Changes in HIV and syphilis prevalence among female sex workers from three serial cross-sectional surveys in Karnataka state, South India.


Isac, S; Ramesh, BM; Rajaram, S; Washington, R; Bradley, JE; Reza-Paul, S; Beattie, TS; Alary, M; Blanchard, JF; Moses, S; (2015) Changes in HIV and syphilis prevalence among female sex workers from three serial cross-sectional surveys in Karnataka state, South India. BMJ Open, 5 (3). e007106. ISSN 2044-6055 DOI: https://doi.org/10.1136/bmjopen-2014-007106

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Abstract

This paper examined trends over time in condom use, and the prevalences of HIV and syphilis, among female sex workers (FSWs) in South India. Data from three rounds of cross-sectional surveys were analysed, with HIV and high-titre syphilis prevalence as outcome variables. Multivariable analysis was applied to examine changes in prevalence over time. Five districts in Karnataka state, India. 7015 FSWs were interviewed over three rounds of surveys (round 1=2277; round 2=2387 and round 3=2351). Women who reported selling sex in exchange for money or gifts in the past month, and aged between 18 and 49 years, were included. The surveys were conducted to monitor a targeted HIV prevention programme during 2004-2012. The main interventions included peer-led community outreach, services for the treatment and prevention of sexually transmitted infections, and empowering FSWs through community mobilisation. HIV prevalence declined significantly from rounds 1 to 3, from 19.6% to 10.8% (adjusted OR (AOR)=0.48, p<0.001); high-titre syphilis prevalence declined from 5.9% to 2.4% (AOR=0.50, p<0.001). Reductions were observed in most substrata of FSWs, although reductions among new sex workers, and those soliciting clients using mobile phones or from home, were not statistically significant. Condom use 'always' with occasional clients increased from 73% to 91% (AOR=1.9, p<0.001), with repeat clients from 52% to 86% (AOR=5.0, p<0.001) and with regular partners from 12% to 30% (AOR=4.2, p<0.001). Increased condom use was associated with exposure to the programme. However, condom use with regular partners remained low. The prevalences of HIV infection and high-titre syphilis among FSWs have steadily declined with increased condom use. Further reductions in prevalence will require intensification of prevention efforts for new FSWs and those soliciting clients using mobile phones or from home, as well as increasing condom use in the context of regular partnerships.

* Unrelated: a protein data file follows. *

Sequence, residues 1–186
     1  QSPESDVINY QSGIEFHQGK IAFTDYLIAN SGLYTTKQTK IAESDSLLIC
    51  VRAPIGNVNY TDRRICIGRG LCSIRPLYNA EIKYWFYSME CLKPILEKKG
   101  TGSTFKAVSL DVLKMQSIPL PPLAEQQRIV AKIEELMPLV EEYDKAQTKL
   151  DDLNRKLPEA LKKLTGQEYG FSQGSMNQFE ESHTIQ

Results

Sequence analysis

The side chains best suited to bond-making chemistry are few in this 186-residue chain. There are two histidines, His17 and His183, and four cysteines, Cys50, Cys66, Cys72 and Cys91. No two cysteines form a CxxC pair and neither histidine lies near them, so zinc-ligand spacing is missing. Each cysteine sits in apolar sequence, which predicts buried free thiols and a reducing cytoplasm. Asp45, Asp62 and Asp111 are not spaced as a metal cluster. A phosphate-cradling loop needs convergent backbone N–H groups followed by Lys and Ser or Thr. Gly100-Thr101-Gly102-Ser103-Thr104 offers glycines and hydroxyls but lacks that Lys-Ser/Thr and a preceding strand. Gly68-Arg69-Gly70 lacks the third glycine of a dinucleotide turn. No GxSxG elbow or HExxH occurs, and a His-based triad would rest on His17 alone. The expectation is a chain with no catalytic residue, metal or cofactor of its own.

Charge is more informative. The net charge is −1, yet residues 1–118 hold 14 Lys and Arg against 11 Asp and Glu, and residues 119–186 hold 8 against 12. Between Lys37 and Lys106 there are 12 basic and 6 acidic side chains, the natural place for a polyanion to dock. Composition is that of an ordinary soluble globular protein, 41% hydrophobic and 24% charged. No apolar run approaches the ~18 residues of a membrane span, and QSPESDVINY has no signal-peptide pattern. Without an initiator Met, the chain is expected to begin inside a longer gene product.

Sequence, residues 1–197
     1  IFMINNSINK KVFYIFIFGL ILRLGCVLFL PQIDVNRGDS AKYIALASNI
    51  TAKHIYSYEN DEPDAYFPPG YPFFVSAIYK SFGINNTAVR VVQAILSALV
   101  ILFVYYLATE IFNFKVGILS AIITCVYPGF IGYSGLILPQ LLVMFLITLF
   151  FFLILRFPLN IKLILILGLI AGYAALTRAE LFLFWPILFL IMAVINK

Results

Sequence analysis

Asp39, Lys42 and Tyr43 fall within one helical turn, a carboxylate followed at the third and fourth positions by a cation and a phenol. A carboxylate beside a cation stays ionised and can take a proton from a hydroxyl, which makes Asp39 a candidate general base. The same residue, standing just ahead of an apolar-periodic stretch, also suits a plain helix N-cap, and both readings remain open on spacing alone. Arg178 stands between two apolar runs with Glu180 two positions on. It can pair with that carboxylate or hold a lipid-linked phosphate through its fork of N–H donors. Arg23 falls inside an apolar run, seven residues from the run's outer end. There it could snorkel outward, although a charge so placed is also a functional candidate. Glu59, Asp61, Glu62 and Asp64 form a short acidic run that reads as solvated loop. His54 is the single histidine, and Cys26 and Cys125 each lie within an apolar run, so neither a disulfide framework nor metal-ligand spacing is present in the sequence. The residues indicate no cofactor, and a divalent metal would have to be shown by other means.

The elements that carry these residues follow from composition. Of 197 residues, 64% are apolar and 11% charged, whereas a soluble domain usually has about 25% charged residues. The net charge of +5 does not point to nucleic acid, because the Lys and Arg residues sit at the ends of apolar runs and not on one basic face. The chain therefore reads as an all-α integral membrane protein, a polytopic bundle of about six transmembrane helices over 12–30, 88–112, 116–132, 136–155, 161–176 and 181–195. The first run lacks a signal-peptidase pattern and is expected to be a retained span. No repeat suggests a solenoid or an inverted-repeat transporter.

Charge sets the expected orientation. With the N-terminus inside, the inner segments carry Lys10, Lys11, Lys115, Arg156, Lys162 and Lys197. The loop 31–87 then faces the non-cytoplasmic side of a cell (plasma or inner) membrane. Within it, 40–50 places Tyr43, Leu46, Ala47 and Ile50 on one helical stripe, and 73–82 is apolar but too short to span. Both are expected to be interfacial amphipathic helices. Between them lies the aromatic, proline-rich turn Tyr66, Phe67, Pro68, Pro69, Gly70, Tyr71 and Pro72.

Item Type: Article
Faculty and Department: Faculty of Public Health and Policy > Dept of Global Health and Development
Research Centre: Gender Violence and Health Centre
Social and Mathematical Epidemiology (SaME)
SaME Modelling & Economics
PubMed ID: 25818275
Web of Science ID: 363458200073
URI: http://researchonline.lshtm.ac.uk/id/eprint/2137980

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